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  • Writer's pictureSamuel Jones

What happens to your body when you die?

Did you know that from the 20th May 2020 all adults in England will be considered to have agreed to be an organ donor when they die unless they have recorded a decision not to donate or are in one of the excluded groups?

When someone passes away, one of the questions people might ask is “what will happen to the remains of my loved one?”. Unfortunately in times of high emotion, this question can cause family members to argue and disagree about what to do with someone’s body.

You might ask, who owns a dead body? The law states that a body is not something one can sell or gift. Scientific and medical organisations are permitted to receive donated bodies for medical or scientific purposes.

Instead of ownership, certain people hold a "right of possession" such as a personal representative (an executor or administrator). Those holding “a right of possession” are under a duty to dispose the remains.

A local authority such as a hospital have the power to detain a body from those with a “right of possession” and a hospital may not release if the body is infectious or contaminated. Also, a coroner can detain a body to determine the cause of death until after an examination is complete. If the deceased left a Will, then the named Executors have the "right of possession."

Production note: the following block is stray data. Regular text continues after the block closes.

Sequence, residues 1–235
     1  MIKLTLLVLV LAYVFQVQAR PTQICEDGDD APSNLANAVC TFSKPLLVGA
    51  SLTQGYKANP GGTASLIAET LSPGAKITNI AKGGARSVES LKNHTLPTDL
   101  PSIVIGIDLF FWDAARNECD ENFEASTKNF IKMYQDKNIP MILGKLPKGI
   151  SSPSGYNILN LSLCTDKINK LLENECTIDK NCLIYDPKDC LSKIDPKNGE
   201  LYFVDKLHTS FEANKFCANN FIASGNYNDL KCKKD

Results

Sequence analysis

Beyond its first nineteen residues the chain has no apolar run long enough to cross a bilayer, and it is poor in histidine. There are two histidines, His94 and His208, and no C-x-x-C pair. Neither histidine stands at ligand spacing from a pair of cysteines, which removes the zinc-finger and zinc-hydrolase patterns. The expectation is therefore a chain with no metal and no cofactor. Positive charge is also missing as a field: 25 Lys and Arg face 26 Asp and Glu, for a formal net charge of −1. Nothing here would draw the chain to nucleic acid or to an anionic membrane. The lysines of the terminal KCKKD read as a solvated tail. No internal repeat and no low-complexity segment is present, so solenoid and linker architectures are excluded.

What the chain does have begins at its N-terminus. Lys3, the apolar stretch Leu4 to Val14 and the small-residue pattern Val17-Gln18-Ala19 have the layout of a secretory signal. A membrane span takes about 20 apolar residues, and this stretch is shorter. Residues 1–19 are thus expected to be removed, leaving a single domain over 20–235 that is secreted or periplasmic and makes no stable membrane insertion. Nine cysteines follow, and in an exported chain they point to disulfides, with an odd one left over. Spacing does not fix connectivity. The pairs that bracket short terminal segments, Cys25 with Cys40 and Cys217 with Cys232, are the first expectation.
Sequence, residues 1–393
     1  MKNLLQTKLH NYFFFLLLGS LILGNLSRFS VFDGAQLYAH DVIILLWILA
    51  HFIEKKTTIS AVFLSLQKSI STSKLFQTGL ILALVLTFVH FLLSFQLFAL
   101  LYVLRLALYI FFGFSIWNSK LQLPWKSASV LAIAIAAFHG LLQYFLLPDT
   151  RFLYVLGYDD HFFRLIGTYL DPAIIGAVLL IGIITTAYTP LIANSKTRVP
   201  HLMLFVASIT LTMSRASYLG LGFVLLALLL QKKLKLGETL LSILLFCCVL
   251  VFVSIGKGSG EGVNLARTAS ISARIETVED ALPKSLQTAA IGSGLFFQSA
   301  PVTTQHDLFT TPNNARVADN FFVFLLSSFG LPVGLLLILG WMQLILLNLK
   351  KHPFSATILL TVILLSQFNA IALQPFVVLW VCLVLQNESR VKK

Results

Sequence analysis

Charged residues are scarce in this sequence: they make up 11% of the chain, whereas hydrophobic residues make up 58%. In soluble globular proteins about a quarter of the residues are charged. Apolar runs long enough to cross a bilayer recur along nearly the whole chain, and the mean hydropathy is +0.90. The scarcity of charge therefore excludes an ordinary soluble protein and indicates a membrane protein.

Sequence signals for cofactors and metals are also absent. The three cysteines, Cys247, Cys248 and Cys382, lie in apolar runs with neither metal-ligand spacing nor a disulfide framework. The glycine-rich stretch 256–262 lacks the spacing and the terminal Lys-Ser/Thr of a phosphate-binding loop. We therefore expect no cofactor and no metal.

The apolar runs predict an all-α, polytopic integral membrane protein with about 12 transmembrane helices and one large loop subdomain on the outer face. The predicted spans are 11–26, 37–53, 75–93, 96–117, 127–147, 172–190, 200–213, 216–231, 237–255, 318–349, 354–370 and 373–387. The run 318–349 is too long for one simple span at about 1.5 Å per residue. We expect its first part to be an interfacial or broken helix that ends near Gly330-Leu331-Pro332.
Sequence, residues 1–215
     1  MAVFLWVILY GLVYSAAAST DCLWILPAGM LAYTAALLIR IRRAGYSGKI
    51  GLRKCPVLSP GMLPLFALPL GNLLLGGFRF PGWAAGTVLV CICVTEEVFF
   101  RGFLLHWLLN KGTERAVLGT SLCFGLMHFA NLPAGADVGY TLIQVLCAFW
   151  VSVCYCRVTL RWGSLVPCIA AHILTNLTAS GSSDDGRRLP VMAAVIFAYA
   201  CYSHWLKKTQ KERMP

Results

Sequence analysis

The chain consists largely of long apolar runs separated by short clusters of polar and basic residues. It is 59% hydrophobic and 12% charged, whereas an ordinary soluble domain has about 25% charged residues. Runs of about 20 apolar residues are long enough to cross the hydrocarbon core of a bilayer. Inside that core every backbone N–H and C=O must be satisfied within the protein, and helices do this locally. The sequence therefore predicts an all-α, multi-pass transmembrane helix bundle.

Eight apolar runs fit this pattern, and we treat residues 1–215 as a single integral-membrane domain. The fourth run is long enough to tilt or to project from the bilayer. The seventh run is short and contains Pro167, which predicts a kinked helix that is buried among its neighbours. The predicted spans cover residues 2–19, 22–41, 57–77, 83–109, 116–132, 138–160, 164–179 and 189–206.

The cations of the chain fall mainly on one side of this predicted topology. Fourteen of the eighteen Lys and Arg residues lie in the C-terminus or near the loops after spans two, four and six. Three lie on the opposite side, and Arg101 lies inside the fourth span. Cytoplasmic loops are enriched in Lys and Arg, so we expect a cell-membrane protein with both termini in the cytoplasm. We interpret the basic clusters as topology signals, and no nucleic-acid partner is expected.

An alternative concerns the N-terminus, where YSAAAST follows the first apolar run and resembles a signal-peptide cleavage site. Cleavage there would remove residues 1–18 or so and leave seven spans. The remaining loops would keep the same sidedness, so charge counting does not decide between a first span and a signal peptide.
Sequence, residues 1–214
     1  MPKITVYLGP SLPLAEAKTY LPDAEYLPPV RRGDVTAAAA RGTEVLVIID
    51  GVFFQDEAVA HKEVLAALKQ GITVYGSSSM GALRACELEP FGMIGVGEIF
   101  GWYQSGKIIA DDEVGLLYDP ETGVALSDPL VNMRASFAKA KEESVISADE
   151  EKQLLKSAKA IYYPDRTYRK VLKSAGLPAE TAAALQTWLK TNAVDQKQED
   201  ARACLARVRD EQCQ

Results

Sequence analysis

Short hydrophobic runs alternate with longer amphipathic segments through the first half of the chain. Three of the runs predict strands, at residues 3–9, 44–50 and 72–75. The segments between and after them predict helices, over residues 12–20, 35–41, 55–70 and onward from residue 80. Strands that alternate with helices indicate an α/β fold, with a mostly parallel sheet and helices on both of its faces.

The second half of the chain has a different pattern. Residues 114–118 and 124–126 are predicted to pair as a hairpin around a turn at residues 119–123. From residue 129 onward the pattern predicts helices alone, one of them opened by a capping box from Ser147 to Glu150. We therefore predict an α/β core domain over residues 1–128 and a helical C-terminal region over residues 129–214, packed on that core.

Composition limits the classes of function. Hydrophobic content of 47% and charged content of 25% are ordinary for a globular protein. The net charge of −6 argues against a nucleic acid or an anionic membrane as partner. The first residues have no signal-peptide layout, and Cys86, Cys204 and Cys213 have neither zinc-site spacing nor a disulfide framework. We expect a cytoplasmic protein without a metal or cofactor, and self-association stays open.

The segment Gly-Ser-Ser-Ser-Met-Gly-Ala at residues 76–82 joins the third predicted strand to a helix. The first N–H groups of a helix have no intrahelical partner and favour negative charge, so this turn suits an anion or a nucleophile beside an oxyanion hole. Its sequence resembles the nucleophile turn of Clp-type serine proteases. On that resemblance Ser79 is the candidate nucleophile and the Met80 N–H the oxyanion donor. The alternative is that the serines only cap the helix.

This can be controversial as the deceased may not have appointed their spouse as an Executor. In this case, there is potential for a husband or wife to have no say over the arrangements and the Executor can overrule them. In most cases the Executors will work together with family members.

So what if you die without leaving a will? In these cases, the person who has priority on intestacy would take possession of the body. For instance, in a case where a child has died (without leaving any issue), the child’s parents would normally be entitled to take possession of the body.

If there is a conflict about the validity of a Will, the parties to the conflict have the option of applying to court for directions if nobody can agree on how to dispose the body.

So make sure to get a real lawyer to draft your will! At Garden House Solicitors we include directions for Executors to set out wishes for what happens to your body when you die into our Wills and we are here to help you 7 days a week.

Don’t put off making your will any longer and contact us today on 01992 422128.

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